Ai Weiwei says his mother, 90, warns him not to return to China | Ai Weiwei

Chinese dissident artist Ai Weiwei said his desire to be reunited with his 90-year-old mother could lead him to return to China, but that she begged him not to leave his British exile.

The sculptor and activist, who splits his time between Cambridge and Portugal, spent 81 days in detention in Beijing in 2011 and left the country four years later with his passport returned.

Asked by Chris Patten, the former Hong Kong governor, at an event in London whether people who had fled Hong Kong after the recent political crackdown should return, Ai, 65, explained his own daily dilemma.

“I can’t answer for others and I think each person has to decide according to their circumstances,” he said. “My situation is that I have a mother who is 90 years old and calls me all the time on the phone. She thinks I’m her baby boy…

“He always said the last sentence: ‘Don’t come back.’ So, it is very difficult to answer such a question. It makes perfect sense to go back because my mom is my only parent there. [But] if anything is keeping me from going back it’s my mom. Of course, there is a strong possibility that I will never be able to return home or end up somewhere not very desirable.”

Ai’s father was the poet Ai Ching, a member of the Chinese Communist Party and a friend of Mao Zedong. Ai Qing was sent to a labor camp in Beidahuang, Heilongjiang, during a purge when Ai Weiwei was one year old. The family was then exiled to Shihezi, Xinjiang, and returned to Beijing in 1976 after Mao’s death.

The artist’s first major clash with the Chinese Communist Party came when he orchestrated the collection and publication of the names of 4,851 children who died in the 2008 Sichuan earthquake. Their deaths were said to be a direct result of corruption and unsafe construction of school buildings.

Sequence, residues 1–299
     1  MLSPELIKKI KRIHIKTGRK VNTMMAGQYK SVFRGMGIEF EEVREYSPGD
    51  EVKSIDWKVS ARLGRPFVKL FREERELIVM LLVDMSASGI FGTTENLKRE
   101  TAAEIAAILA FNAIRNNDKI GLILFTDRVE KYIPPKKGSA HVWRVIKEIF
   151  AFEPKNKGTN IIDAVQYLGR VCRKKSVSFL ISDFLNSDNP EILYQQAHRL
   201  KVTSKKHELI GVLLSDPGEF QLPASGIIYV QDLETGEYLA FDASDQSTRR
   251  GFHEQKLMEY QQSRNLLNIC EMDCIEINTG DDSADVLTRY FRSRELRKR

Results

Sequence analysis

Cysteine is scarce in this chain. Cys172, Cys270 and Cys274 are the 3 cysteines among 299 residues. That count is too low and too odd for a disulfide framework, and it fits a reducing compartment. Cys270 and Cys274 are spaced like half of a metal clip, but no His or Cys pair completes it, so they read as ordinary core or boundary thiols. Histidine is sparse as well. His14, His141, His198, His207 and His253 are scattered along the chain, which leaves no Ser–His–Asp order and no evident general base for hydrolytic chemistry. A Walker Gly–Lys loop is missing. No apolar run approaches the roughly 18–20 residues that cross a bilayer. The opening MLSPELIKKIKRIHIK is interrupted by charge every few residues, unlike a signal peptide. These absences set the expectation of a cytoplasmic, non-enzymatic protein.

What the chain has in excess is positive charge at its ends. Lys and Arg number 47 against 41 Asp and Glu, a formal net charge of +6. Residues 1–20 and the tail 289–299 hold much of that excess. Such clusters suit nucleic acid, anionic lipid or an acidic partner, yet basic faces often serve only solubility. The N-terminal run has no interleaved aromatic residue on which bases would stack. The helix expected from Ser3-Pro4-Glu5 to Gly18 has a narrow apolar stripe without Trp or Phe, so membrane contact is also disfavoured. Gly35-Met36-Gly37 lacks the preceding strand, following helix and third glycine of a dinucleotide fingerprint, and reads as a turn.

Ai’s arrest on tax evasion charges in April 2011 at Beijing airport where he was about to board a flight to Hong Kong led to an outpouring of international condemnation. His mother, Gao Ying, was prominent in her son’s release, at one point describing Chinese officials as “creepy, crooked, evil” despite the danger to her own freedom.

Ai, who was speaking to Lord Patten at Asia House in central London, where he was one of five recipients of the Praemium Imperiale award, which includes £100,000 to each winner, said he was not clear in his mind whether his struggles for freedom was “deserved”.

He said: “I remember one person from the security office who interrogated me, before I was released, he said: ‘You always ask for freedom. For that freedom, you might end up spending years in jail just for asking for it.” He is very honest, very honest and has no answer. He just says think about it, if it’s worth it. I can’t say it’s worth it.”

Ai is curating an exhibition of art by inmates in UK prisons, which will open at the Southbank Center on 27 October. Ai said the projects to be presented by people who had “served time”, including at HMP Wormwood Scrubs, were “truly impressive”. He added: “I have seen many masterpieces.”

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